They said their CV’s were rewritten in order to orient to existing job openings. 

Interviewees told the researchers they were forced to undertake coaching, personal effectiveness and confidence training. 

Giving further examples the committee was told: 

An aspiring architect had her job-search micro-managed in a way that undermined her standing with local employers and was then directed to reduce her expectations and accept other work, and a pregnant woman was directed, under threat of sanctions to accept work at a call centre in a location some distance away which had no suitable transport options.

The researchers said their data clearly captures a shift towards a “less supportive, more conditional, less empathetic, more pressurising, welfare system, where the threat of sanctions was constant and individuals felt forced to perform as directed by case officers in Intreo or JobPath providers, often against their better judgement and usually without any positive outcome”.

Under the JobPath scheme many respondents told the researchers that they felt “actively and capriciously patronised, cajoled, threatened, manipulated and bullied”.

All respondents detailed the continual threat of sanctions, which made engagement and compliance with various tasks compulsory.

Our data demonstrates that beyond the actual application of sanctions, that the process of activation under threat of sanction is in and of itself a negative experience; the process is the punishment, as it were.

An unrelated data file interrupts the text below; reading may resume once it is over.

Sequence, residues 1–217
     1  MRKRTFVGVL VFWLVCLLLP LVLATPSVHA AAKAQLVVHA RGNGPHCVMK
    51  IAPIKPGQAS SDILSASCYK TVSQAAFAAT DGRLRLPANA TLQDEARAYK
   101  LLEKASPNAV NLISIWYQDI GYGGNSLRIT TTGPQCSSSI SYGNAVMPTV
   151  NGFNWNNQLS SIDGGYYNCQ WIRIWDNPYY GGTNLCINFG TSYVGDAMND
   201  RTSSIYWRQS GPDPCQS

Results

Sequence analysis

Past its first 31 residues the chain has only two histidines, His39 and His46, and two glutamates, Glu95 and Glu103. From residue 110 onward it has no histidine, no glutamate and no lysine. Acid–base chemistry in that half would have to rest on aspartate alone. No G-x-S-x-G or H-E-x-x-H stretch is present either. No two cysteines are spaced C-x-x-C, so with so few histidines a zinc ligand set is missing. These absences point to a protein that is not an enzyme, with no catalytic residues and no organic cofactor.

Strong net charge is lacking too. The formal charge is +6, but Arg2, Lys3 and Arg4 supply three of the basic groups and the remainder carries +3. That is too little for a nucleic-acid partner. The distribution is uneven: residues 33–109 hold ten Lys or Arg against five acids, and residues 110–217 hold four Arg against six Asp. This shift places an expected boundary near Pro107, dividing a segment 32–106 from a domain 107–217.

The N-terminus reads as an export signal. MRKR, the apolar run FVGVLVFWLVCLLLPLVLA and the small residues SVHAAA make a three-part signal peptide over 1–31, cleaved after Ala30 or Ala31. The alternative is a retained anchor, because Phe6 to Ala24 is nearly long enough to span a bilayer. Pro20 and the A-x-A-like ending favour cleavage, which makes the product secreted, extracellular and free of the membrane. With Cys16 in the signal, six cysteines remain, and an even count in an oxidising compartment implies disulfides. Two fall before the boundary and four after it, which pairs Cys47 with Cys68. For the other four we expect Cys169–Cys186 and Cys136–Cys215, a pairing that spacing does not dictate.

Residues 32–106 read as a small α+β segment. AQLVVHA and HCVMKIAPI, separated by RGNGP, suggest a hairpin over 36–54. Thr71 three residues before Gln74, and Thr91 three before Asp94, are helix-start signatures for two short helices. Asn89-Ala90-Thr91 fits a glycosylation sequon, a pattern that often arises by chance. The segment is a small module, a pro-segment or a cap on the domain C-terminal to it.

‘Poor practice’

Catherine Greene of the Kildare and Wicklow Education Training Board, but speaking on behalf of all training boards nationwide, said their organisations should have been tasked with the job that JobPath have been doing for the last number of years. 

She told the committee it was “poor practice” to lift the JobPath model from the UK without making any changes or adaptations for working with the Irish public”. 

She said the Job Path model was based on the model being used by the G4S recruitment company in the UK, which was criticised by the UK Office for Standards in Education, Children’s Services and Skills.  

“We have no difficulty with recruitment agencies as a model of accessing employment, but to use these services people must be highly skilled, workplace ready,” she said. 

jobpath Catherine Greene of the Kildare and Wicklow Education Training Board appeared before the committee today.

In terms of personal client testimony, she said to be referred to Turas Nua or Seetec – the private companies who are paid to run the scheme “is to be placed in a very vulnerable position and denied access to further education and training”.